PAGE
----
By Ada Zhang
If The Baylor Line magazine is to continue with the word Baylor in its title, the Transition Agreement between the Baylor Alumni Association and Baylor Board of Regents must receive a ‘yes’ vote from at least two thirds of the BAA member present at the meeting on Sept. 7.
The Baylor Line magazine began in 1946, and since then, it has been published by the self-regulating Baylor Alumni Association.
The Line’s mission statement says the magazine’s purpose is “to examine, from a wide range of perspectives, Baylor’s history, culture, institutional practices, aspirations, and identity as a private, Baptist university and to enable alumni to maintain their emotional, intellectual, and social bonds with the university and each other.”
The Baylor Line website says it supports productive and stimulating discussion between alumni of different cultural backgrounds.
The website further states that the magazine aims to bring together alumni who care about their alma mater and who wish to stay connected with as well as contribute to the alumni community.
The Line’s purpose is not to recruit students, advertise or fundraise, although inadvertently that is what it often does, according to the website.
Collin Cox, BAA president, said editorial independence, support from university officials and financial funding are vital components in preserving a high-quality magazine. But Cox elevated editorial independence as the most important component out of the three.
“We think our readers appreciate a voice that is separate from the university and not managed by the university,” Cox said. “So when there are difficult issues, we can comment on things with multiple perspectives.”
Editorial independence is what distinguishes the Baylor Line from Baylor Magazine, Cox said, the latter of which began in 2002 as an official publication of the university.
The two publications appear similar, as they both speak about the culture at Baylor, but the content often differs. Baylor Magazine celebrates the positive aspects of the university while the Baylor Line oftentimes reports from a more critical, albeit less glamorous, standpoint.
“We do celebrate the good things about Baylor, but there are times when we want to read different perspectives,” Cox said.
John Barry, a Baylor vice president and the Chief Marketing Officer, said that should the BAA merge with the university, the Line’s editorial independence would continue.
“One of the things that’s been said is that somehow when we go forward, we will impose editorial control over The Line,” Barry said. “What they fail to mention — and what’s critical — is that because they have a license, we have quality control.”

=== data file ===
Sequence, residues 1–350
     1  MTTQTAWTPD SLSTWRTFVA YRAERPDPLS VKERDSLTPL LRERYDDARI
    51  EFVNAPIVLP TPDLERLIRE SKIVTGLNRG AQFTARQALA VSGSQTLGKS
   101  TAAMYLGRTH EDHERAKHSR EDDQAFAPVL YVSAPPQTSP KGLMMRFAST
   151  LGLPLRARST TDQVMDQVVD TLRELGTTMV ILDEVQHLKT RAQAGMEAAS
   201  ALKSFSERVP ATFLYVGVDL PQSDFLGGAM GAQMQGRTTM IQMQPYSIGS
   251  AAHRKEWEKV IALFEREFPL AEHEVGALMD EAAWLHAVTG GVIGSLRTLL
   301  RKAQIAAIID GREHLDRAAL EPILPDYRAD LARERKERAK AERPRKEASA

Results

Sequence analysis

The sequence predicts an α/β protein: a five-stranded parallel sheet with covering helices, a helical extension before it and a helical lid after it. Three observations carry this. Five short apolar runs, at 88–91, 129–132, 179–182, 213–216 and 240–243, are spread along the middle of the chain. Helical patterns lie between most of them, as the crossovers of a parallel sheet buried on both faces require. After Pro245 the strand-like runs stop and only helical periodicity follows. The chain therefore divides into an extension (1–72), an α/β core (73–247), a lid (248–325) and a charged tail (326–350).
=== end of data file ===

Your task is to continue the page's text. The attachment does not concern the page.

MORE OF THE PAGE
Quality control is different from editorial control. Control of quality means control over trademark policies and has nothing to do with content.
Since 1993, the university has had the right to review every issue of The Line before publication for quality.
The 1993 licensing agreement between the university and the BAA says that if Baylor finds that the quality of any service or product being offered or sold in The Line under this license is not “reasonable and is unacceptable,” it must notify the BAA in writing and specify any changes it deems as necessary to obtain an acceptable and reasonable level of quality. The BAA agrees that in such an occurrence it will make the changes in a reasonable period of time and thereafter maintain an acceptable and reasonable level of quality.
Barry said the university will continue its right to review if the agreement passes.
“The check is not to sign off on content,” Barry said. “We’re not telling them ‘we don’t like this story.’ We don’t do any of that stuff. The notion of censorship is not true.”
The university reviews the magazine only to ensure there are no trademark problems or ads that are not licensed to use the Baylor name, Barry said.
The 1993 agreement further says that except for the BAA’s obligation to properly use the license marks and maintain an acceptable and reasonable level of quality, Baylor has no control over the BAA. For example, it is understood that the BAA is an independent ‘voice’ of Baylor alumni, and the positions taken by the BAA (editorial or otherwise) which may be contrary to Baylor administration or its Board of Regents will not be alleged by Baylor as insufficient quality and will not be grounds for Baylor’s termination of the license agreement.
On May 31, the university formally notified the BAA of the pending termination of the license to use the Baylor name.
The license will automatically be terminated if the agreement does not pass. If the agreement does pass, the university will disregard the termination and “create a new license of BU trademarks” for The Line.
A letter from Cox on the BAA website states should the agreement pass, “the Baylor Line magazine will be published by the Baylor Line Corporation’s independent board of directors.”
For students, this means the Baylor Line magazine will not be accepting any interns until the agreement is settled and plans for the magazine are more concrete.
Chad Wooten, interim executive vice president of the BAA, said the fate of The Line is uncertain as of right now.
“We’ve taken interns for years and we plan to take them in the future, but we don’t want to put students in a bad situation where they don’t get course credit for their work halfway through the semester,” Wooten said. “It’s not fair to the students.”
Wooten said internships could be available as early as Sept. 9, but no one can foresee the future and know for sure.
Even though the Line did not take any summer interns, the magazine was published regularly over summer. A special issue of the Baylor Line is now available online for the public to read.